People are switching in droves to alternatives to Ubuntu because of Unity. I'm not convinced that it's quite as high as some of the claims - many people are citing figures from ISO distribution sites for instance, but most people upgrading from Ubuntu X to Ubuntu Y will never be in those figures. But still, Canonical does need to be a little more careful when releasing their new technologies. It's hard seeing giants of the Open Source/Free Software world fall not because their technologies are bad, but because they're willing to release unfinished crap as production code when they should sit on it and make it work properly before releasing it. Unity is getting there though. And from my brief testing of GNOME 3's Shell, I'm of the opinion Canonical are slightly ahead, although the GNOME 3 people have some great ideas too.

On that note, would it be too much to ask for Ubuntu to put Firefox 3.6 back in the repositories?

Also: Thunderbird is OK, but it's not Evolution, and quite honestly, I think Evolution is a much better product. It's much faster, and does more without the need for extensions. It's a little annoying that Ubuntu is supporting the former over the latter because even if you install the latter, it doesn't automatically integrate with Ubuntu's notification bar, while Thunderbird just sits there thumbing its nose at you.

Here's what I think Canonical needs to do for Ubuntu 12.04 (or 12.10, it's probably too late for 12.04.)
  • Bring back hierarchical menus as a way to launch applications. Big translucent panels with huge icons that leave most apps hidden and with it being confusing as to whether an app is even on your computer or not doesn't work. It really doesn't. If you must do something like that, make the icons smaller.
  • The dock really needs a lot of fixing. There's not enough space to show everything on most PCs which leads to awkward hacks involving scrolling. And it doesn't respect multiple workspaces. So, to that end:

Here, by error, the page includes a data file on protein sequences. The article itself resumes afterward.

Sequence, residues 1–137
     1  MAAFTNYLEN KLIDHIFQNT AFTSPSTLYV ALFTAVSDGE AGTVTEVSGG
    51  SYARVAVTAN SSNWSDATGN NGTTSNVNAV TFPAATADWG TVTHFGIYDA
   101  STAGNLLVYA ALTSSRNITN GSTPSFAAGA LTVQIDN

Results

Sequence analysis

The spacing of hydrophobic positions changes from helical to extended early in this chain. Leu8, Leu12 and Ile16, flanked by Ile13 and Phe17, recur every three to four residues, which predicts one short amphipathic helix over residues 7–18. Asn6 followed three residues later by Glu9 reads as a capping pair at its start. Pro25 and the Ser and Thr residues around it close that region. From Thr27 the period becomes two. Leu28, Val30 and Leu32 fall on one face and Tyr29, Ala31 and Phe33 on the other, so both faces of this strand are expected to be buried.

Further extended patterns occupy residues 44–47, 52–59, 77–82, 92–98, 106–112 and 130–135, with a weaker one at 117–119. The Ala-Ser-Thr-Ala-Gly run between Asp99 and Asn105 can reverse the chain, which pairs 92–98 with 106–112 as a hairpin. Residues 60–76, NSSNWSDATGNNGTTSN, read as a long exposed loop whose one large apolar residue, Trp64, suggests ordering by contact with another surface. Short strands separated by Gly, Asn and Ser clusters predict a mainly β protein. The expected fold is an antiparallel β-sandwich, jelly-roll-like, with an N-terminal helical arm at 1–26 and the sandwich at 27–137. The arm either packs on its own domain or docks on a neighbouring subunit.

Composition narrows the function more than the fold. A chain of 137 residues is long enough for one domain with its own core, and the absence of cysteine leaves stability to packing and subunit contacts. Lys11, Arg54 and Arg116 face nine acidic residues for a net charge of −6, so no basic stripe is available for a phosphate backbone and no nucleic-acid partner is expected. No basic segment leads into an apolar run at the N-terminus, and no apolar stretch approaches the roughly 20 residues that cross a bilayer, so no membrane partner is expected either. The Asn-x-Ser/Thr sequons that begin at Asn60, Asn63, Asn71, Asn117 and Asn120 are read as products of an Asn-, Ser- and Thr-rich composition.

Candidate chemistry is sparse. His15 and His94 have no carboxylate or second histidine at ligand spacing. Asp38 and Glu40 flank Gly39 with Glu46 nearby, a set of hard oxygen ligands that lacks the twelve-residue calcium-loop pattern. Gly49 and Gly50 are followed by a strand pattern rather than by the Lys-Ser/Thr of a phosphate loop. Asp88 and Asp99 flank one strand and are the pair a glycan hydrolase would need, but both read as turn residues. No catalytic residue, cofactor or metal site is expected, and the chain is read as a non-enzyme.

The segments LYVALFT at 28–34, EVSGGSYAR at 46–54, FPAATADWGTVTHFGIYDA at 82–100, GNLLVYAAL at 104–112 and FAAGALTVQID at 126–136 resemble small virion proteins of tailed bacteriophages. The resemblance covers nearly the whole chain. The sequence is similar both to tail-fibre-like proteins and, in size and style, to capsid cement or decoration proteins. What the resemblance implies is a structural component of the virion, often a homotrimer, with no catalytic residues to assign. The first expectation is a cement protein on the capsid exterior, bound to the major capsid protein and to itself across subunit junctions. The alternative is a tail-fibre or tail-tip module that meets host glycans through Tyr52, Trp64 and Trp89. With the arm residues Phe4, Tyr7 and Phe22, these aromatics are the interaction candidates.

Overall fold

• Make the dock thinner
    • Let the user place the dock on the bottom of the screen if they so wish
    • Only show icons for apps on the current workspace (plus launchers, widgets, etc), and if the same app has windows open on multiple workspaces, pretend those windows don't exist.
    • Disable multiple workspaces by default (but make it easy for us to enable.)
    • Reduce the number of circumstances in which the dock is hidden.
  • The single menu needs to be implemented in all Ubuntu supported apps, including LibreOffice. It should not be hidden with the current window's name.
  • Replace Thunderbird with Evolution.
  • Replace Banshee (OMG. You know that thing causes the fan to start running, and both memory and CPU to be maxed out, immediately upon starting on my Netbook?) with RhythmBox. As a general rule, avoid replacing working software in the future just because it's imperfect and something else looks like it's going in the right direction - wait until that other app is proven first.
So, those are my opinions.

Finally, when did Wine get so good? With some minor exceptions, pretty much everything I've got on Steam that I tried has worked perfectly right out of the box. GTA IV needed some tweaking, and a third party DLL to disable Windows Live (which unfortunately disables all multiplayer, including LAN, alas) but once it works it's hard to believe it's not running natively. Awesome job.